steps sat a woman with her head bare and her hands under her
apron—widow of the Marcum whose death from a bullet one month before
had broken the long truce of the feud. A groaning curse was growled from
the window as the girl drew near, and she knew it came from a wounded
Marcum who had lately come back from the West to avenge his brother's
"Why don't you go over to see your neighbor?" The girl's clear eyes gave
no hint that she knew—as she well did—the trouble between the houses,
and the widow stared in sheer amazement, for mountaineers do not talk
with strangers of the quarrels between them.
"I have nothin' to do with such as her," she said, sullenly; "she ain't
"Don't!" said the girl, with a flush, "she's dying."
"Yes." With the word the girl sprang from the mule and threw the reins
over the pale of the fence in front of the log-hut across the way. In
the doorway she turned as though she would speak to the woman on the
steps again, but a tall man with a black beard appeared in the low door
of the kitchen-shed.
"How is your—how is Mrs. Day?"
"Mighty puny this mornin'—Becky is."
The girl slipped into the dark room. On a disordered, pillowless bed lay
a white face with eyes closed and mouth slightly open. Near the bed was
a low wood fire. On the hearth were several thick cups filled with herbs
and heavy fluids and covered with tarpaulin, for Becky's "man" was a
teamster. With a few touches of the girl's quick hands, the covers of
the bed were smooth, and the woman's eyes rested on the girl's own
cloak. With her own handkerchief she brushed the death-damp from the
forehead that already seemed growing cold. At her first touch, the
woman's eyelids opened and dropped together again. Her lips moved, but
no sound came from them.
In a moment the ashes disappeared, the hearth was clean and the fire was
blazing. Every time the girl passed the window she saw the widow across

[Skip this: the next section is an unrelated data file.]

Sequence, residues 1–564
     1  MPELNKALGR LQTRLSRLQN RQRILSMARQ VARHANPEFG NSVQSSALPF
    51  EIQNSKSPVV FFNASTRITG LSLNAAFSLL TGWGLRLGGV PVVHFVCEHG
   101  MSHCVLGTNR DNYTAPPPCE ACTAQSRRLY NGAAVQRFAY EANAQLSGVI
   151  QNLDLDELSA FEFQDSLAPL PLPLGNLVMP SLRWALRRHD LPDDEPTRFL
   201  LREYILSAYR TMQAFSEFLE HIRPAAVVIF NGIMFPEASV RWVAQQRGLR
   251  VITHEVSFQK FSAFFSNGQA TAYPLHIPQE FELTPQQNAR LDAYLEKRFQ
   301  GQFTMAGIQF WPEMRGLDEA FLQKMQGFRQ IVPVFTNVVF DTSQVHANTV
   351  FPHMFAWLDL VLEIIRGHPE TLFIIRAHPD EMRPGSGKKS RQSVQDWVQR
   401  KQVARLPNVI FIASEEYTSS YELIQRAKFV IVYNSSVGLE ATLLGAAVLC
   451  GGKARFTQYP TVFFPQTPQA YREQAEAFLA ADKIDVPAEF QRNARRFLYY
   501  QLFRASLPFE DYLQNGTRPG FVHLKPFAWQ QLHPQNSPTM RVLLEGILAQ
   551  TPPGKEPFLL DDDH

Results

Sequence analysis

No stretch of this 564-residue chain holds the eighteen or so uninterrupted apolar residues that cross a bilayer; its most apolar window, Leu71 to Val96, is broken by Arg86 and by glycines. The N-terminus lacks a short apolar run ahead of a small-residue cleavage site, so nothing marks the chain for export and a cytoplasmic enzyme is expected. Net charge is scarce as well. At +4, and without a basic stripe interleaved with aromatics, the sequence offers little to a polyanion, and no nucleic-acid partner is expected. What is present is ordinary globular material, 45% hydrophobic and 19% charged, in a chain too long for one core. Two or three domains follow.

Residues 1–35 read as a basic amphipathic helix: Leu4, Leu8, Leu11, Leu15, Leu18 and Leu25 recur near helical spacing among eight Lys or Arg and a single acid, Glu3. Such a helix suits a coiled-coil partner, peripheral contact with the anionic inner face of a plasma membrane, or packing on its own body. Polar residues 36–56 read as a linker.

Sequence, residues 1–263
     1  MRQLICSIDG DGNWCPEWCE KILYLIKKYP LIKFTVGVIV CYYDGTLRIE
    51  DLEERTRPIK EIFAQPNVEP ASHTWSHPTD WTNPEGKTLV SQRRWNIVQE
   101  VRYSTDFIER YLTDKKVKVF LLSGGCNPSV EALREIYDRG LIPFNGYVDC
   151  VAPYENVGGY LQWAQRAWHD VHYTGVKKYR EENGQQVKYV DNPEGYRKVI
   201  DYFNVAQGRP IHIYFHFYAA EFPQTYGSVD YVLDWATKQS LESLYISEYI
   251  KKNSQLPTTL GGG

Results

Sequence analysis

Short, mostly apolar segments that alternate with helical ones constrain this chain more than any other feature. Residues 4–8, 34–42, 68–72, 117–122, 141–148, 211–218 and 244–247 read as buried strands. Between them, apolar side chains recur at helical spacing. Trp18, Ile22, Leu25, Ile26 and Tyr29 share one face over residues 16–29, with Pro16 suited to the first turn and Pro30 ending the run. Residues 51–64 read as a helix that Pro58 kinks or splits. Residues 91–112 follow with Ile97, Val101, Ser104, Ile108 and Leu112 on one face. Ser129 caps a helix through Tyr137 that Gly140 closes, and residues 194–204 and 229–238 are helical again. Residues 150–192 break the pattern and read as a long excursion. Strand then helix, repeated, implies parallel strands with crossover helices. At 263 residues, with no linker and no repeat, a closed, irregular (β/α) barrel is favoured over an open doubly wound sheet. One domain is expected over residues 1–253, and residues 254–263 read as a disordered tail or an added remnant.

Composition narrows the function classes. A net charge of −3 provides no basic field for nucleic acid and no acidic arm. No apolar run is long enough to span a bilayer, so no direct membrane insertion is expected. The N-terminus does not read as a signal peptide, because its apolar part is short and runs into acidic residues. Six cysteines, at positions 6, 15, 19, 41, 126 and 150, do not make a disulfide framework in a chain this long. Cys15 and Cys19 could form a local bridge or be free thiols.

the way staring hard at the hut. When she took the ashes into the
street, the woman spoke to her.
"I can't go to see Becky—she hates me."
"With good reason."
The answer came with a clear sharpness that made the widow start and
redden angrily; but the girl walked straight to the gate, her eyes
ablaze with all the courage that the mountain woman knew and yet with
another courage to which the primitive creature was a stranger—a
courage that made the widow lower her own eyes and twist her hands under
"I want you to come and ask Becky to forgive you."
The woman stared and laughed.
"Forgive me? Becky forgive me? She wouldn't—an' I don't want her—" She
could not look up into the girl's eyes; but she pulled a pipe from under
the apron, laid it down with a trembling hand and began to rock
The girl leaned across the gate.
"Look at me!" she said, sharply. The woman raised her eyes, swerved
them once, and then in spite of herself, held them steady.
"Listen! Do you want a dying woman's curse?"
It was a straight thrust to the core of a superstitious heart and a
spasm of terror crossed the woman's face. She began to wring her hands.
"Come on!" said the girl, sternly, and turned, without looking back,
until she reached the door of the hut, where she beckoned and stood